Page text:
Erratic rains always create uncertainty for farming in the district. It also causes soil erosion leading to depletion of fertile layer of agriculture fields and degradation of range lands. Nutritional depletion due to over exploitation and irregular crop rotation is another issue leading to reduced production with passage of time. Due to low land holding (continuous fragmentation of land) people are shifting to other livelihoods strategies. Drought is a permanent issue regarding farming in Haripur. There are many rain fed areas where if there is no or low rain fall, no crop is grown. Besides, in peripheral areas farmers have little access to irrigation, soil conservation, agriculture and livestock services.
(Sources: Primary data from farmers)
There is a great potential of bringing cultivable wastes under cultivation through rain water harvesting and soil conservation measurements. Besides, if water available for irrigation, off and on season vegetable, kitchen gardens and fruit orchards could be grown anywhere in the district. Furthermore plains of the district are the most suitable area for seed production.
(Sources: Agriculture research station Haripur and Primary data from farmers)
Rivers and Streams
Four well known rives of the province i.e. Indus, Siran, Daur and Haro flow through the district. Besides, there are many small streams and springs in hilly areas falling into these main streams and rivers.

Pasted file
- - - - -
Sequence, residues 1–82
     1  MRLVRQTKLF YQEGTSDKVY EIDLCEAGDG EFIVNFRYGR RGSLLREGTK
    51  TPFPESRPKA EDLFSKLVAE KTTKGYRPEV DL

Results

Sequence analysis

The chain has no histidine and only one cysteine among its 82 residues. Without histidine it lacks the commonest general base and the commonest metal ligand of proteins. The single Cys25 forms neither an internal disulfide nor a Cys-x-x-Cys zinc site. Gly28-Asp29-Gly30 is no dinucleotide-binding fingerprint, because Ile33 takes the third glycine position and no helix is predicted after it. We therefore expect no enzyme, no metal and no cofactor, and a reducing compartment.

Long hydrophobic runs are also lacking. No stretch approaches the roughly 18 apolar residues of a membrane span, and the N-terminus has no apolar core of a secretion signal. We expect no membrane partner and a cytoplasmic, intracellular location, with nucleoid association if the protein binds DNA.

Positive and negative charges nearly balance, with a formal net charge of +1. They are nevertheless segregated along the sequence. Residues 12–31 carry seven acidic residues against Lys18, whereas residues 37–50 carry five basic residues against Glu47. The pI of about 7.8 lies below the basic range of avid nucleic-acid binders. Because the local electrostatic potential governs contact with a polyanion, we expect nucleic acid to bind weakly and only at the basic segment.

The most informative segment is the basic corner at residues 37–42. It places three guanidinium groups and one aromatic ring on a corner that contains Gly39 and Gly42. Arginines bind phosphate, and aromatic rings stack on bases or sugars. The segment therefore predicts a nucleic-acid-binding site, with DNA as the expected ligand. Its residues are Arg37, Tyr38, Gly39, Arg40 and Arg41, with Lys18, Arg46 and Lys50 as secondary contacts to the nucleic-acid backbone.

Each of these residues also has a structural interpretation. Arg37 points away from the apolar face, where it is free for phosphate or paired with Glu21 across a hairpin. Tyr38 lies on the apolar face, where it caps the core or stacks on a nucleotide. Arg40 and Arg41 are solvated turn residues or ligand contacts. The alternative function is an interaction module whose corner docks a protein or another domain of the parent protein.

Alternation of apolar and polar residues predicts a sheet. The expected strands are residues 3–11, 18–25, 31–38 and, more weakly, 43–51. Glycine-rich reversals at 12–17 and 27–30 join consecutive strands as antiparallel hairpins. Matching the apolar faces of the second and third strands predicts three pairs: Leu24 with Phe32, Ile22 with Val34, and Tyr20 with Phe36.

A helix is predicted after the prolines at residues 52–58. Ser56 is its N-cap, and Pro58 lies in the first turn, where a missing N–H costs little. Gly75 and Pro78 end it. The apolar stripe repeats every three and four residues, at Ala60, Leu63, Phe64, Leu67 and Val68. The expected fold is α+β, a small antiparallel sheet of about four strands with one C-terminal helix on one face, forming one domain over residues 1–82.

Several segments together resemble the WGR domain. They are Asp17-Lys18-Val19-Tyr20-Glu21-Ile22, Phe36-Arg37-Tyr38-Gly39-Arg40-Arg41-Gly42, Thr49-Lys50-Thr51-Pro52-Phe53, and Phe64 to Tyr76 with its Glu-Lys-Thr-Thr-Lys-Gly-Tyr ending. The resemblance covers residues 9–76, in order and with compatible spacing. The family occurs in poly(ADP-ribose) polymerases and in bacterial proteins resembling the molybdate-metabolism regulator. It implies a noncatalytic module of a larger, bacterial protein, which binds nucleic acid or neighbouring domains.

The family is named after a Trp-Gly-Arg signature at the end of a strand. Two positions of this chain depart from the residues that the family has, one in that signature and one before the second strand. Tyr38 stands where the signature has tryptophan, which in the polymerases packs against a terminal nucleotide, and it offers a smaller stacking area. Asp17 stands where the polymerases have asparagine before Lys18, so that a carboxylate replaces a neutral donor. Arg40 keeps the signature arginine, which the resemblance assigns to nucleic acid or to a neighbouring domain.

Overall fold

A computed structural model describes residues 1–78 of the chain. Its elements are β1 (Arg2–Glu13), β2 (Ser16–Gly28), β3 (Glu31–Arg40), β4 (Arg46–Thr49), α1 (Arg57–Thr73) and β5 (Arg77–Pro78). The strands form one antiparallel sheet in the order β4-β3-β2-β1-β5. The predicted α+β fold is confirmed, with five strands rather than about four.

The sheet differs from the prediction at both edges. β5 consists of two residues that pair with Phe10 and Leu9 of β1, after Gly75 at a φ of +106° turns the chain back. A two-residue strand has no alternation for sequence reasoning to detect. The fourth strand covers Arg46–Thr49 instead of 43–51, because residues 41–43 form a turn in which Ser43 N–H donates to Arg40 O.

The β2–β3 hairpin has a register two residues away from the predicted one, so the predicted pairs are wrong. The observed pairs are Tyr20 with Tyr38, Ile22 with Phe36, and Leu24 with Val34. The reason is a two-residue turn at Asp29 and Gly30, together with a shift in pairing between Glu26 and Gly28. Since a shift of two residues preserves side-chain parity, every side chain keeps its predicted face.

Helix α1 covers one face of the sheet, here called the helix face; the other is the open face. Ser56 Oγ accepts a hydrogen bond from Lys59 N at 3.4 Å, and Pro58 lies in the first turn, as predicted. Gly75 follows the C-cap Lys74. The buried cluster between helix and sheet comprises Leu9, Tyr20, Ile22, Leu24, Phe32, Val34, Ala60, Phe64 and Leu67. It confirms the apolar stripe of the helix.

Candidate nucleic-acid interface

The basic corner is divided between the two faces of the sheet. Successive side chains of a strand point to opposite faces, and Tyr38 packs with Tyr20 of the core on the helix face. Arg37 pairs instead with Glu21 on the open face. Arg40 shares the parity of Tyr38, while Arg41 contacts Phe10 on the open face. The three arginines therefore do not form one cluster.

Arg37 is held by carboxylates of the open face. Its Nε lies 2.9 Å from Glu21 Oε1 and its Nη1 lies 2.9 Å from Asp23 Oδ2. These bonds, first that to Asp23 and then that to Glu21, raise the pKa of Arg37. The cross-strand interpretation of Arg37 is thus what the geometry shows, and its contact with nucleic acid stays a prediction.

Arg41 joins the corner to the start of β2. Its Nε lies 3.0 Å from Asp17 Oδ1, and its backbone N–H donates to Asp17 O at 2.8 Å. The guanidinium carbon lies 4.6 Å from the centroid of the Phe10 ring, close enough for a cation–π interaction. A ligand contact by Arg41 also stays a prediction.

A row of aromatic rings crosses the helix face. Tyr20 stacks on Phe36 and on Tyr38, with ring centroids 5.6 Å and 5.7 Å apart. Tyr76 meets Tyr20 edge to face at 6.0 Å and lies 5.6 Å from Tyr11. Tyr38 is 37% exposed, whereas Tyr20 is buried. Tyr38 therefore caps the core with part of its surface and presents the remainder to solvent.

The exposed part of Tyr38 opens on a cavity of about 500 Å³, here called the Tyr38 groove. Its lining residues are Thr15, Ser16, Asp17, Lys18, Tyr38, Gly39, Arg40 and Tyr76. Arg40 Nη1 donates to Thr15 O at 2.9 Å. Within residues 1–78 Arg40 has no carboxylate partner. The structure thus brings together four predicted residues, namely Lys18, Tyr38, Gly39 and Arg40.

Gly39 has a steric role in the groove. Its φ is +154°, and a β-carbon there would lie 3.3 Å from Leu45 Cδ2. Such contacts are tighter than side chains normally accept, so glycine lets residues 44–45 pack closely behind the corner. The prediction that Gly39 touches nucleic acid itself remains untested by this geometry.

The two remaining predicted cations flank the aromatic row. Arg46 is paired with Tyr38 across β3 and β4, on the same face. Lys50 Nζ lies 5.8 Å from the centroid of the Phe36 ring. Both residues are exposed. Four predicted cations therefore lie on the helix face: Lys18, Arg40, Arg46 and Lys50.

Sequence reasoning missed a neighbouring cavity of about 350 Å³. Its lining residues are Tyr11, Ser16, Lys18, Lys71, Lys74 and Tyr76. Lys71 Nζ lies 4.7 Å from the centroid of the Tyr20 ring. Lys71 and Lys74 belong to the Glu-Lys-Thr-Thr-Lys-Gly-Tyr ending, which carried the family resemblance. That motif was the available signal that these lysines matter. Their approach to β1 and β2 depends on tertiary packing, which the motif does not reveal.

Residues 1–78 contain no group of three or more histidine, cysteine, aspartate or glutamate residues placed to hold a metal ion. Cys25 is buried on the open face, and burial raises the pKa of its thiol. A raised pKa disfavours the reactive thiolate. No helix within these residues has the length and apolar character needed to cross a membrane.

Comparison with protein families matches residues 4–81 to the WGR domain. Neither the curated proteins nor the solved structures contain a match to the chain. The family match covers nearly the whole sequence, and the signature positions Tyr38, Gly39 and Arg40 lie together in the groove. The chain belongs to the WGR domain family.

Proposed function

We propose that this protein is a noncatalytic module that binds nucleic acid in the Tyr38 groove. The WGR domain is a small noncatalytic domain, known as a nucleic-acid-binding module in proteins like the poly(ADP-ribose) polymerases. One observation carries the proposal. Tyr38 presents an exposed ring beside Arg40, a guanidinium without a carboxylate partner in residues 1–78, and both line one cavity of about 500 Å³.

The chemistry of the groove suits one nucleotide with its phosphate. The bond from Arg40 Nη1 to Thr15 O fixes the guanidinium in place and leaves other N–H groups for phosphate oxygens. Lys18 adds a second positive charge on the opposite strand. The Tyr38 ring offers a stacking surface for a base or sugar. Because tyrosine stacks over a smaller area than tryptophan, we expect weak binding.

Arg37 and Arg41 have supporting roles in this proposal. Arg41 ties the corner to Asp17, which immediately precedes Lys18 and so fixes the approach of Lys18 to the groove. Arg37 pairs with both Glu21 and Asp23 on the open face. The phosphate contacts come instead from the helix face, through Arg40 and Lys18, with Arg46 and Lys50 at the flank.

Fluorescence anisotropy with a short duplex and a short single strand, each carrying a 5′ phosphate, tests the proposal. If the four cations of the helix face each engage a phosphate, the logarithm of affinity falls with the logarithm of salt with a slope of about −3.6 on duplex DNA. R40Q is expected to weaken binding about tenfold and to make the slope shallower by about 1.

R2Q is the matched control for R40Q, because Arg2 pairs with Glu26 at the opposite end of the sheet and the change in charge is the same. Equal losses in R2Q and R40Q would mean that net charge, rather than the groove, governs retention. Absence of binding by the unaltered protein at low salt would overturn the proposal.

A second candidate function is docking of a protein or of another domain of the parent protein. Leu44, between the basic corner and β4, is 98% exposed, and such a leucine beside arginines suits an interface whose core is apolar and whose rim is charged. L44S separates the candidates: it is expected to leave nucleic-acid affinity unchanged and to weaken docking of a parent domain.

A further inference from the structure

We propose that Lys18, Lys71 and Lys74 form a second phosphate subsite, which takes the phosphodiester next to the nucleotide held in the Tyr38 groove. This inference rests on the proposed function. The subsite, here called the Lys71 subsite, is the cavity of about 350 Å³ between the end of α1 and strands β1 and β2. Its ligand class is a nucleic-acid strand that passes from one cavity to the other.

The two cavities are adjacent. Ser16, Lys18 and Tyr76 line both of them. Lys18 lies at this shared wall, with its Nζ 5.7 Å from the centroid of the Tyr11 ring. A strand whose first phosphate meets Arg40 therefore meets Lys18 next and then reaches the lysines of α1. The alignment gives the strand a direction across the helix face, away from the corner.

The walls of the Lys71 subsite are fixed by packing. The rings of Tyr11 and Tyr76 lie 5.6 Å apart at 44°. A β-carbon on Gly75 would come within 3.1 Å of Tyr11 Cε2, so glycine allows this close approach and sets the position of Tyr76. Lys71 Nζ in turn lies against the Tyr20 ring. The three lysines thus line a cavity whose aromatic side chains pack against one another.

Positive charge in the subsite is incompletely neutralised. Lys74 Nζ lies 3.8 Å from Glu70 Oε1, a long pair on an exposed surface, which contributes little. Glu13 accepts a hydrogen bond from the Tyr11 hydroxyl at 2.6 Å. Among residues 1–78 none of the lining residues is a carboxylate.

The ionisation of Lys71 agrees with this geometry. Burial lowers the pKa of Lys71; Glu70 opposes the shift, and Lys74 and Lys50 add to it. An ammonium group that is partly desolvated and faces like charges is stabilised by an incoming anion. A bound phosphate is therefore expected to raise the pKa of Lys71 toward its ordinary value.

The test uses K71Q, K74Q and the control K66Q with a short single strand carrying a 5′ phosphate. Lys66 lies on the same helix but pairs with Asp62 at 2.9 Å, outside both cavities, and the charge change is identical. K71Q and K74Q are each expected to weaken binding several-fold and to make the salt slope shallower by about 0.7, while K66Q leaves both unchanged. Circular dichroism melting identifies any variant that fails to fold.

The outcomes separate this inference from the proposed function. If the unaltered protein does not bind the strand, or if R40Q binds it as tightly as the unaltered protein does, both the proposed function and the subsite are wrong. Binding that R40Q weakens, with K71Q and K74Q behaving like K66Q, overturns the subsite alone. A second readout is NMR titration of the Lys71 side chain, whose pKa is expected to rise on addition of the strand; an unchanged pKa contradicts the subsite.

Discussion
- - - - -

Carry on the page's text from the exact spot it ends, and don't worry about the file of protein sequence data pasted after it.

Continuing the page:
River Indus enters the district at Durband in the north- west, flowing along the western boundary of Haripur, feeds Turbela reservoir, and exits the district at Ghazi. It gives no water for irrigation to the district, while some nearby villages collect water from it for domestic uses and livestock.
Siran River enters Haripur at Bir, flows through the UC from north east to west and falls into Turbela Lake near Bir village. Channels from the river irrigate a small piece of land at Bir, while people also get water from the river for HH use, in the nearby villages.
The Daur River has less water and comparatively shorter course than Siran. It has its catchment area at Daunga Gali of district Abbottabad in the east, fed by many springs and streams at different places i.e. Main Katha, Bagh, Gaya, Namli Maria, Baghnotar, and Thallian. It flows through the plains of the district towards west, joining Siran near Gandger range about eight km above Turbela. The river is a great source of irrigation and sanitation / drainage in the district.
One of the eastern tributaries of Haro at Muslim Abad The Haro River with adequate water originates from the southern end of Daunga Gali range where it has two tributaries, the eastern known as Dhund and the western is called Karral Haro. The two streams join at the head of Khanpur tract that ultimately falls into Khanpur dam. It irrigates lands in some villages upstream i.e. in Khanpur area. (Sources: Census 1998, Irrigation Sub Division Haripur, and Primary data from filed) Dams and Canals